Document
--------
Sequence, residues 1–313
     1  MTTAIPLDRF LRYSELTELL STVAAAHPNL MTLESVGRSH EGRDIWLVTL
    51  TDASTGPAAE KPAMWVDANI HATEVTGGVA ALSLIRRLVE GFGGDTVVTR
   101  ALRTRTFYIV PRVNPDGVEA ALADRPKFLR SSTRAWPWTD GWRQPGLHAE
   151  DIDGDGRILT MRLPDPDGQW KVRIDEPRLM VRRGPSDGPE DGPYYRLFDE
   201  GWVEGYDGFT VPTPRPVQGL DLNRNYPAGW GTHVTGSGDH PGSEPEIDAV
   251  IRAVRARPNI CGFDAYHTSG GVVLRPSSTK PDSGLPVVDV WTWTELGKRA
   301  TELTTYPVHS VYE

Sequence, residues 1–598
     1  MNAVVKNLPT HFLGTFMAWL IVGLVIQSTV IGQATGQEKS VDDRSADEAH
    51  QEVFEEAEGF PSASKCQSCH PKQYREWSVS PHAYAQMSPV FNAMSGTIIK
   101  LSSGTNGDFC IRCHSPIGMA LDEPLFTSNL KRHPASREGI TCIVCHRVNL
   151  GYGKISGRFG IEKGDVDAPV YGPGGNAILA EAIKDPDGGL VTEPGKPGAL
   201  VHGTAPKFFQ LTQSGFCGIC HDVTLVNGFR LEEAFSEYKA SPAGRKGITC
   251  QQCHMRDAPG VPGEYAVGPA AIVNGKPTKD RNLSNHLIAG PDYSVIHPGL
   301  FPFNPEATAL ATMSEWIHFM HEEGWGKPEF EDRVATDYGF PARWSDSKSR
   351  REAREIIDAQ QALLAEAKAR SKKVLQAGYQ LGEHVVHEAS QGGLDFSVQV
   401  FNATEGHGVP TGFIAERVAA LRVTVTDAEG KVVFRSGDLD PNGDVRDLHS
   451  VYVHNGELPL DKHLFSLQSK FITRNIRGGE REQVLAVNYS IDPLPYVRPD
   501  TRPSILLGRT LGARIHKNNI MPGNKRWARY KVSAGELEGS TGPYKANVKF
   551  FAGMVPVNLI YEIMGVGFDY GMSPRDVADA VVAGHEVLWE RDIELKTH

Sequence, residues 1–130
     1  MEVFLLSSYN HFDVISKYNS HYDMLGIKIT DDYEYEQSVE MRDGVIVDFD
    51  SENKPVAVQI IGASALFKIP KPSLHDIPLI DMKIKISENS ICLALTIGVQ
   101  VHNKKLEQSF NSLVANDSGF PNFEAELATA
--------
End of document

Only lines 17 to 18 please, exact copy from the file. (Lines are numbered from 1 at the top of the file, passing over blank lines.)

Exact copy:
   351  REAREIIDAQ QALLAEAKAR SKKVLQAGYQ LGEHVVHEAS QGGLDFSVQV
   401  FNATEGHGVP TGFIAERVAA LRVTVTDAEG KVVFRSGDLD PNGDVRDLHS